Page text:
Up until 2000, homosexuals were blocked from pursuing a career in the Bundeswehr. Now the minister apologizes.
Solemn pledge by naval soldiers in Berlin Photo: Mika Schmidt
BERLIN taz | The Bundeswehr destroyed Dierk Koch’s dreams in autumn 1964. The Hamburg native, then in his early 20s, wanted to become a seaman. In the navy he had signed up as a regular soldier, after having passed a course he was to be transferred to the frigate Emden shortly. “There was a rumor that Emden would soon accompany the Gorch Fock to the Olympic Games in Tokyo. I was on cloud nine, ”he recalls.
But nothing came of the trip, and neither did the career plans: Shortly before the transfer, the site commander informed the prospective seaman that he was not going to the frigate after all, but to the office. A few weeks later he was finally informed that he was being demoted to a seaman and dishonorable discharge from the Navy. He had to leave the barracks within 48 hours. The reason for all of this: a brief affair with another soldier.
“Can you imagine how I felt?” Asks Koch almost sixty years later. “I just didn’t believe it.”
Koch talked about the weeks in autumn 1964 on Thursday evening during a panel discussion in the Berlin Ministry of Defense. It is not an isolated case: For decades, homosexual, especially gay soldiers in the Bundeswehr were institutionally discriminated against. The event in the presence of Minister Annegret Kramp-Karrenbauer and high-ranking generals will be about their fates. The occasion: the publication of the study “Tabu und Toleranz”, in which the lieutenant colonel and military historian Klaus Storkmann examined the treatment of homosexuals from 1955 to 2000.
The practice that this study describes is shameful, says Kramp-Karrenbauer right at the beginning of the event. “The Bundeswehr’s stance on homosexuality was wrong, even if it was in line with the zeitgeist of the time.” To make amends, she announced a draft law: She wanted to overturn military court judgments for consensual homosexual acts. Those affected by institutional discrimination should be rehabilitated. Anyone who was disadvantaged because of their homosexuality should receive a lump sum compensation payment.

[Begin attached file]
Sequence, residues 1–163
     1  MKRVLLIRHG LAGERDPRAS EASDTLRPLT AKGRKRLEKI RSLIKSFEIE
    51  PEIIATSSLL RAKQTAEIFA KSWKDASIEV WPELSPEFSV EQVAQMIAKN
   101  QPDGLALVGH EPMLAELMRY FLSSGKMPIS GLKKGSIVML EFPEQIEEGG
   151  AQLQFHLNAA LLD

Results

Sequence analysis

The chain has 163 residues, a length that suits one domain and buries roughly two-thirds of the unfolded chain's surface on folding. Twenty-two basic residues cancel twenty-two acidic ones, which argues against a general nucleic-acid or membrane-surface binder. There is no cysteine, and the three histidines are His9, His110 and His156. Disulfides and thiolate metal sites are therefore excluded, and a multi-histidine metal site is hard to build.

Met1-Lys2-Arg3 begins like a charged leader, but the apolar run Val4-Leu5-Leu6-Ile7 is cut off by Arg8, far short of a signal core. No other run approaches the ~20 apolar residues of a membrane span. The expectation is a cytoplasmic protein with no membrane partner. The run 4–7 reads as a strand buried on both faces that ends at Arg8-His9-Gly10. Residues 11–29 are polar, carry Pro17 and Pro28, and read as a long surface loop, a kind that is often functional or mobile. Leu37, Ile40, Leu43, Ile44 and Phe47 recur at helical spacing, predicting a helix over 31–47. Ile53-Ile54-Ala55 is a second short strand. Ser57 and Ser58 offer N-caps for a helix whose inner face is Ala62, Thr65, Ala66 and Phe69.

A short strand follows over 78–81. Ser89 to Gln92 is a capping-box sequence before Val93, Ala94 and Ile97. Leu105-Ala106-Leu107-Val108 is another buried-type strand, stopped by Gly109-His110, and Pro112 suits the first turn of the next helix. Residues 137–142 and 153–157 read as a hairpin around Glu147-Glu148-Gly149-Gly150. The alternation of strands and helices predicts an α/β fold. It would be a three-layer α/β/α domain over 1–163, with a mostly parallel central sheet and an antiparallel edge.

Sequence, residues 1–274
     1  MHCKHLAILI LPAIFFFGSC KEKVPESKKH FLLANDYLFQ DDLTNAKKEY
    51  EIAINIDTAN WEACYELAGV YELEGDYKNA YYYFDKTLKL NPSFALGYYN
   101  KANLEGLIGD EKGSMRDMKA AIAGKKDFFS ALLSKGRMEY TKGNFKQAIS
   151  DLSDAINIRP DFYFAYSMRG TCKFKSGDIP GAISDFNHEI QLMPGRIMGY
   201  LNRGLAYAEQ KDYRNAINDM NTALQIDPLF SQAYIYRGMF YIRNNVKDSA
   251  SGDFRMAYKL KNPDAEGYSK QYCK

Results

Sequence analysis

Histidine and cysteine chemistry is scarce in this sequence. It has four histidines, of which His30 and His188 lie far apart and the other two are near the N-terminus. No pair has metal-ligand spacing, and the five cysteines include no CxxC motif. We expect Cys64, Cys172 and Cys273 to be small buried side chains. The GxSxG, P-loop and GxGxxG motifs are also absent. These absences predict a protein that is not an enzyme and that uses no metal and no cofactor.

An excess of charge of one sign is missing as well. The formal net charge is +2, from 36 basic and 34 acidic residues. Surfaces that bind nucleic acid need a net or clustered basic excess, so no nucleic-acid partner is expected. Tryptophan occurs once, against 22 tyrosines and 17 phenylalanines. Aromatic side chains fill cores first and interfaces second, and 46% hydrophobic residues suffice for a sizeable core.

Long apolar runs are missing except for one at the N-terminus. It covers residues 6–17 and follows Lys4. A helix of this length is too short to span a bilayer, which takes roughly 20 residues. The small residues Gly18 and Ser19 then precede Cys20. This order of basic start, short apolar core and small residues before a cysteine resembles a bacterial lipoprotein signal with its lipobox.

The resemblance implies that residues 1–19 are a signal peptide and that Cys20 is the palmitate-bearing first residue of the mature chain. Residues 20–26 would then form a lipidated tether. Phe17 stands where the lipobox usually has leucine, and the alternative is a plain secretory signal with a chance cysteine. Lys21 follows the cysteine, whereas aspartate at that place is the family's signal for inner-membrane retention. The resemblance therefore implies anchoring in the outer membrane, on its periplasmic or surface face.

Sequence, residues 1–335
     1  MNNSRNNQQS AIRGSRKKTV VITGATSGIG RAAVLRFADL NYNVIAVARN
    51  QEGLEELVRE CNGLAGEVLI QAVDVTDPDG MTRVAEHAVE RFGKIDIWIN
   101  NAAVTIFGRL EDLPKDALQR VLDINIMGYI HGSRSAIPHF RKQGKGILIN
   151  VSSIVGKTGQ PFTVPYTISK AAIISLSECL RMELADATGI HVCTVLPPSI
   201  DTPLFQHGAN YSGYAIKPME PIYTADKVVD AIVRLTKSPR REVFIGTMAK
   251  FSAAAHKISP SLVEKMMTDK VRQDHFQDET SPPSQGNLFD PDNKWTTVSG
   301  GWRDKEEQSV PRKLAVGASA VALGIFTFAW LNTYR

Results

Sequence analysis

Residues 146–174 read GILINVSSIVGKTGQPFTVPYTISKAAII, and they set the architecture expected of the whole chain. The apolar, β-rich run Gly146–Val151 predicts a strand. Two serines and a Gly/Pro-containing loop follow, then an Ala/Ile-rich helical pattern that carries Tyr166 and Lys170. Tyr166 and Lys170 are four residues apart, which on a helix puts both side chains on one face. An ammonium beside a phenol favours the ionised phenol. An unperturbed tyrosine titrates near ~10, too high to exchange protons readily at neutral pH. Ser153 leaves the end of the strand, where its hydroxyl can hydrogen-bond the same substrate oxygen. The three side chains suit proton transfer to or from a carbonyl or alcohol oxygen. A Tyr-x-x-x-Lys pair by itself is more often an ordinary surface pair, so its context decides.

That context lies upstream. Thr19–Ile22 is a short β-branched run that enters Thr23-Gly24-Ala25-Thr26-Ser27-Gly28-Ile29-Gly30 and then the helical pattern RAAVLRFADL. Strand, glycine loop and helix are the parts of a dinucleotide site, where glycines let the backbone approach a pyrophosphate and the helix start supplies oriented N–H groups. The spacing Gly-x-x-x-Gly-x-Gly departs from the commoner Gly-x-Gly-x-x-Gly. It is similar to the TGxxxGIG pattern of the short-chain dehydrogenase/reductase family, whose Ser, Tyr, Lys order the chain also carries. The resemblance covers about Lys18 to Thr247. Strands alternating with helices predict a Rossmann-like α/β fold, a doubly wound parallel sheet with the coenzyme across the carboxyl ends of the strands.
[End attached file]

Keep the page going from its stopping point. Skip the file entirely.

No career until 2000
The practice of discrimination was divided into different phases, which the Bundeswehr study describes in detail on the basis of archive research and interviews with contemporary witnesses. Until 1969, a total prohibition of sexual acts between men was still in force in West German criminal law under Paragraph 175. Analogous to this, according to the study, “until the late 1960s, those homosexuals who ‘had become conspicuous’ were generally discharged from the armed forces”.
Even after paragraph 175 was relaxed, military courts initially still condemned gay soldiers for consensual sex with one another. Until 1979, homosexuality remained a general reason for withdrawal. Due to a lack of personnel – the low birth cohorts met an increasing number of conscientious objectors – the Bundeswehr then relaxed this rule as well. Those affected were still not allowed to pursue a career in the army: up until the year 2000, homosexuals were considered useless for training or management tasks. Gay officers had to hide their sexual orientation.